Ladder Safety – Or Lack There Of

Last week, the News & Observer included a picture on the front page of its Triangle section of a man balancing precariously on the top of a step ladder trimming trees.  This picture could be used as a great example of what not to do because falls from height remain the most common cause of workplace fatality.  In fact, most falls (79%) are a result of excessive reaching or incorrect ladder placement.

Ladder injuries are most common in adult males aged > 18 years (mean 42.9 +/- 16.2 years), from a distance of 1-15 feet. Other primary injuries include fractures or dislocations to the extremities, spine injuries, bleeding in the brain and even death.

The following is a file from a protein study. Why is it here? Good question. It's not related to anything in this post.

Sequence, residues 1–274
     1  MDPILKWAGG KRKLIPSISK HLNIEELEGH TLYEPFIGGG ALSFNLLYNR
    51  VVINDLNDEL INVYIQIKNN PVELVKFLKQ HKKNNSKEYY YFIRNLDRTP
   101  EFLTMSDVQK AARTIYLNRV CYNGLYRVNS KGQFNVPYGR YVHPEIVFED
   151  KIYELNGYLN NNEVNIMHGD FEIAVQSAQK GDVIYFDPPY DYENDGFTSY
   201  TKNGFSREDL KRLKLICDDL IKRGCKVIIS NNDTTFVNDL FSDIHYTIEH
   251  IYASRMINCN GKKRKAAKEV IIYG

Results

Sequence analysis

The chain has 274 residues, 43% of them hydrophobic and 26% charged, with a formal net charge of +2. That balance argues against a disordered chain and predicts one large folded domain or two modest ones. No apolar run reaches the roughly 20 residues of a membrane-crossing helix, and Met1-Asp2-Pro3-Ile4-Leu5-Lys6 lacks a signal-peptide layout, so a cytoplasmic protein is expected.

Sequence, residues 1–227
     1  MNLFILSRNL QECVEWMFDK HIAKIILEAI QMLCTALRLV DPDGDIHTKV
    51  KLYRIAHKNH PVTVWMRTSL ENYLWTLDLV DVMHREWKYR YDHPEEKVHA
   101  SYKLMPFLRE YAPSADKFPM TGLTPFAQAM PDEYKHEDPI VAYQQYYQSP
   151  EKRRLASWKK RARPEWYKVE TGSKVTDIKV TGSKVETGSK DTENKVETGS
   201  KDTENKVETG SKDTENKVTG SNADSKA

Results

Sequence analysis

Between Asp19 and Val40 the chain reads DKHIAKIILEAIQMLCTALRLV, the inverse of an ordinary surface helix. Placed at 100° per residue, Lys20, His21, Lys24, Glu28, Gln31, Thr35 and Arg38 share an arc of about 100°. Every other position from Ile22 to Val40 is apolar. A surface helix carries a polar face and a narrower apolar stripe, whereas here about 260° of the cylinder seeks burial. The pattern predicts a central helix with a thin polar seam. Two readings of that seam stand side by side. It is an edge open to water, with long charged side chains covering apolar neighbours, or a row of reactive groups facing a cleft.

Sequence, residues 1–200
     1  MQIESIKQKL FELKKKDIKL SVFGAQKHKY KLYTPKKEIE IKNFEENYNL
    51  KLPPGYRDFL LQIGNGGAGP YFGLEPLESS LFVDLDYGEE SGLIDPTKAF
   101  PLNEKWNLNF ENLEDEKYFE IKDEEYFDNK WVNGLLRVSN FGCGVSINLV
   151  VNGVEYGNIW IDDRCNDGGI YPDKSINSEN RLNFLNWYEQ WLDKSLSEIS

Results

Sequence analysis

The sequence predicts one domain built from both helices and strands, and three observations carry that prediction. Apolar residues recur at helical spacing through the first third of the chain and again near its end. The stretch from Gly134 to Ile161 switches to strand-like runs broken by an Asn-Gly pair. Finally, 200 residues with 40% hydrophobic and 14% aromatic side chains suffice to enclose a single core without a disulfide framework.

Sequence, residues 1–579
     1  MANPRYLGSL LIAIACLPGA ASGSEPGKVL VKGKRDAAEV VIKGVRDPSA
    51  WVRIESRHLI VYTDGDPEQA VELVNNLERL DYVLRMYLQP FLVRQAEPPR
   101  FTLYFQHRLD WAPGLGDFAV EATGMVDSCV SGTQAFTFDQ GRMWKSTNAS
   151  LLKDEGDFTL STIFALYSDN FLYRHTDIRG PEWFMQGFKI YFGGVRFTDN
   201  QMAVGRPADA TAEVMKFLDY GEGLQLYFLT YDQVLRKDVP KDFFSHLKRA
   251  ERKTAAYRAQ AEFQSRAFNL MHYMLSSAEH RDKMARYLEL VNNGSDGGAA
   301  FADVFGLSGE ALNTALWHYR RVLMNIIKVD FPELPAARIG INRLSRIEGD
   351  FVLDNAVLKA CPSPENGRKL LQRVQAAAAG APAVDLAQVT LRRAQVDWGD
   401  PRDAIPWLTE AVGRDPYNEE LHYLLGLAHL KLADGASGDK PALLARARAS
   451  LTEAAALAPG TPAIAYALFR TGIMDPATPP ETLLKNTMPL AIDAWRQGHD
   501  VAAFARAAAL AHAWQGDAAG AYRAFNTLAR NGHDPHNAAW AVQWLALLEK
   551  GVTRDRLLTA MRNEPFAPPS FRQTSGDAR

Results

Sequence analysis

In the United States, injuries due to a fall from a ladder results in an average one week hospital stay and six weeks of disability and unemployment. For the sake of your health, please be very careful when doing anything on a ladder.

And, if you are a photographer who is thinking of taking a picture of someone misusing a ladder, please print the picture in the paper with a list ladder use of dos and don’ts.  Better yet, refrain from taking the picture and intervene in consideration of the health of the ladder user.

Post provided by Dr. Okechukwu Nwoko, MD, an orthopaedic surgeon with Wake Orthopaedics.

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1 Comment »

 
  • I’m glad you brought this up. I am a chiropractor in St George UT and I have actually seen ladder injuries just like you describe. The only difference I see, is the age distribution. I tend to see a slightly older patient group. But it might be a function of the population here.

    As I chiropractor, I end up treating the lowerback, neck, and SI pain instead of the knee and hip issue that an orthopod sees. Thanks for bringing up the topic.

 

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